The other is an informal desk get-together of UX/UI and me with a show and tell of mock-ups and user flows whenever it is needed. Just as in the collaboration with the product owner, I come with a basket full of use cases. With this input, UX/UI has the chance to gain more in-depth insights into the topic at hand, including specific details and any exceptions that may apply. This is especially useful for complex topics where many use cases need to be taken into account. In turn, I am granted an early peek at what’s to come and a detailed familiarity with UX/UI specifications that I will test against later on, which eliminates many of the “Why was it designed like this?” and “Did you really intend for it to work this way?” questions.

While UX/UI and the tester work together to collect use cases, collaboration with UX research is all about training the tester’s customer-centric mindset. In software testing, we don’t only test functionality but also usability. The problem is: after years of testing the same application or months of testing the same feature, we become blind to issues that real users may encounter. We tend to test isolated features and are liable to stop seeing the forest for all the trees.

How can we prevent that?

Joining user tests and reading reports with findings from user tests are great ways to bring the tester back to seeing the bigger picture. Do you sometimes catch yourself thinking “No one is ever going do THAT”? Because I do. But if there’s one thing I have learned in my years as a software tester it’s that there is always an actual user out there who will do exactly THAT and more things you’d never dream of testing.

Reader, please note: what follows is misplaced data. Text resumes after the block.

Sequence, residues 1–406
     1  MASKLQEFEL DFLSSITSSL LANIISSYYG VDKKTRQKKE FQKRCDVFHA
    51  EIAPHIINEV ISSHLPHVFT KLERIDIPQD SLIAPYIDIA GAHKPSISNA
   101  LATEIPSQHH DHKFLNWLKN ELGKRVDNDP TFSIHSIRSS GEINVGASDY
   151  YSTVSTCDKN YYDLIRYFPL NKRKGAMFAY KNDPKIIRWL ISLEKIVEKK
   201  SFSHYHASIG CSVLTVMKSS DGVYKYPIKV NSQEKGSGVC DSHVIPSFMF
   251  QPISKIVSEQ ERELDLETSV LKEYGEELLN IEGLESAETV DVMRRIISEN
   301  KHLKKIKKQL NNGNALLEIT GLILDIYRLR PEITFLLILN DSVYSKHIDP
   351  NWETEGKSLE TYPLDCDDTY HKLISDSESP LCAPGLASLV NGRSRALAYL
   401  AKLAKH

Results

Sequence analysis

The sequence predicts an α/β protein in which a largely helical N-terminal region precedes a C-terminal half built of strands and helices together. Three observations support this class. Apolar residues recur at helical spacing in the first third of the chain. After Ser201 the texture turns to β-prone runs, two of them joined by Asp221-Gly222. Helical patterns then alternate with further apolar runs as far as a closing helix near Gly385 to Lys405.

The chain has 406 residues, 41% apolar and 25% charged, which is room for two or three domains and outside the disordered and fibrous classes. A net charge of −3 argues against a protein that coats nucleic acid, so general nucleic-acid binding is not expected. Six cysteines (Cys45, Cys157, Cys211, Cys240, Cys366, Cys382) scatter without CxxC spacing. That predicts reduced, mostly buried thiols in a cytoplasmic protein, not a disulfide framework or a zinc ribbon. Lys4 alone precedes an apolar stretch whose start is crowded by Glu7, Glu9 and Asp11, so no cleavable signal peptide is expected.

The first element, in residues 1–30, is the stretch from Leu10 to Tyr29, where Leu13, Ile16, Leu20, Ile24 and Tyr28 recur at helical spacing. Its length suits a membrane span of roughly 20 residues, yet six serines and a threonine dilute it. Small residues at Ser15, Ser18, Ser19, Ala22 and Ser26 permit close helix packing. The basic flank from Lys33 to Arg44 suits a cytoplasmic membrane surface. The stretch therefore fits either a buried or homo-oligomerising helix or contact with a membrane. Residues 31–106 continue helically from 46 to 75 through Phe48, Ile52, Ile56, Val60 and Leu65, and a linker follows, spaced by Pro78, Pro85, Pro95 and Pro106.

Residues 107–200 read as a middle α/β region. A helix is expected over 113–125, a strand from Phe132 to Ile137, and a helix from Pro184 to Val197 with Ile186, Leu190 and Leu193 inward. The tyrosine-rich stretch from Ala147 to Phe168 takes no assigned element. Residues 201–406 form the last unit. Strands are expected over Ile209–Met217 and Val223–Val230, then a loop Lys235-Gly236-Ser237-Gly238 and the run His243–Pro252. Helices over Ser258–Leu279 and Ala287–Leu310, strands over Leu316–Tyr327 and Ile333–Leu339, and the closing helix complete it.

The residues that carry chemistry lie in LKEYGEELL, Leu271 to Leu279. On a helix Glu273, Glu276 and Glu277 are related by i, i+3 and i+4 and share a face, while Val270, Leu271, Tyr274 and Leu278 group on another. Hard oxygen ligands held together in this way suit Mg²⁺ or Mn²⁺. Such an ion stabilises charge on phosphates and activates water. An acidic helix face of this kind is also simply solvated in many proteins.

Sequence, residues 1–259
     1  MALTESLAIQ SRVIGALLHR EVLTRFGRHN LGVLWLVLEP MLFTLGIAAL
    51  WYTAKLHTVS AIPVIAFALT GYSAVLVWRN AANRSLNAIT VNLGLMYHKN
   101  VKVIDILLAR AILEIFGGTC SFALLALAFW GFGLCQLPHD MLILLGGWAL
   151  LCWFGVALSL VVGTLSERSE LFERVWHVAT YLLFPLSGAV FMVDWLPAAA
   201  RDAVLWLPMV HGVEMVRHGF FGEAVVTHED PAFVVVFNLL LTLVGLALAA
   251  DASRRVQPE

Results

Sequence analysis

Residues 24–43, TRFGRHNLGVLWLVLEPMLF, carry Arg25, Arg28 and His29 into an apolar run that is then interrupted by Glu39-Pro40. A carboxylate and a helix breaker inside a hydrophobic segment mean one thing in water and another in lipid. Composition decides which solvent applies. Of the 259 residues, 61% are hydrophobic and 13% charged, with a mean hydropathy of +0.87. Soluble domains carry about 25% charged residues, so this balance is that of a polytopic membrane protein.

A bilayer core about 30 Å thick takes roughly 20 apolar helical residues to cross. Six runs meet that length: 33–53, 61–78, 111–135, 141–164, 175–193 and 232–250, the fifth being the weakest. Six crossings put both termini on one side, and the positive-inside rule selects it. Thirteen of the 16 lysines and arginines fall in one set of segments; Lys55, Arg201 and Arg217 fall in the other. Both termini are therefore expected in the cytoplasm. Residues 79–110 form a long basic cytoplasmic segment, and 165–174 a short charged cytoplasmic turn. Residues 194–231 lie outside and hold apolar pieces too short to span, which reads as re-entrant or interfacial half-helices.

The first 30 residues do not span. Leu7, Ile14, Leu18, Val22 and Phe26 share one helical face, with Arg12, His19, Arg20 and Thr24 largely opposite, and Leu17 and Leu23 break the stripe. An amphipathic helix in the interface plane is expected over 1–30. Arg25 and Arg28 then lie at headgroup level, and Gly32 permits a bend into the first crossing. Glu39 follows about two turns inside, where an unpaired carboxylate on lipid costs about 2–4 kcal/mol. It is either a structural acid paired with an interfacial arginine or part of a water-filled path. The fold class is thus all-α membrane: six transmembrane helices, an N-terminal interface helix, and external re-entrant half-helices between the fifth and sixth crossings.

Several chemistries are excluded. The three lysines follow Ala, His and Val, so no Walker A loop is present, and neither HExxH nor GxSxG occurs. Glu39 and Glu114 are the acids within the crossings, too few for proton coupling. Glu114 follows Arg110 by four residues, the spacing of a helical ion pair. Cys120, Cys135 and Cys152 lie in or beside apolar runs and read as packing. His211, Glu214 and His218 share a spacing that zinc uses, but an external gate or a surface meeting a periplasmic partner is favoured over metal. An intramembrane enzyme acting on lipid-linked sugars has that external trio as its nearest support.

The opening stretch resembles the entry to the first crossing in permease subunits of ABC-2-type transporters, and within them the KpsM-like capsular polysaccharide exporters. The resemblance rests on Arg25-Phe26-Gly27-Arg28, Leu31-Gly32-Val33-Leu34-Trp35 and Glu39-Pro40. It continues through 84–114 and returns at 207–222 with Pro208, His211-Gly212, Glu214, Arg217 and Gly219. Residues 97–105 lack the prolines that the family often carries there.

This tweet by Brenan Keller hits the nail on its head:

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Keeping an open mind is invaluable and watching your average customer become confused by the feature you thought was so carefully thought through can be quite humbling.

And there are more ways to feed the inner customer every software tester should nourish. Let testers from other teams test your feature before it goes live. They will have a fresh look at it and spot issues you may have missed. Then return the favour. You will learn about other parts of an application and understand business processes better. Speak to stakeholders. Read customer reviews. Ask customer service about feedback they receive. You might find out about problems that no one anticipated.

We’re pretty far left on the software development timeline by now. But we are not quite done yet. We can take shift left testing one step further by becoming the customer and eating our own dog food, as they say. This is obviously not possible with every kind of software, but if it is, I encourage you to use your company’s product like an actual customer would. Go through the entire journey of searching, comparing, adding items to our wishlist, leaving and coming back three days later, and finally making a purchase. It makes a huge difference when something is at stake for you personally — your money, the security of your personal details or the uncertainty of making the right choice. Every time I have done this, I have noticed something where I thought “If I — someone who works with this software on a daily basis — finds it difficult to understand this, how can a new user ever understand it?” That’s an invaluable insight.

A software tester, just like other team members along the software development timeline, cannot — and should not — exist as an isolated being. We are curious by nature and want to be involved. Shift left testing offers just that, and as we’ve seen it’s possible to move to the left a good deal if we limit neither the concept’s definition nor the job of a tester to testing only, but rather extend both to include knowledge transfer, striving for an understanding along every step of the way and providing helpful input wherever possible, all with the goal of bringing live relevant features with great quality faster. A product can benefit from a tester’s unique skill set in all of its stages. In turn, the tester is enabled to test better with more knowledge and gets the satisfaction of accompanying the creation of something new from beginning to end.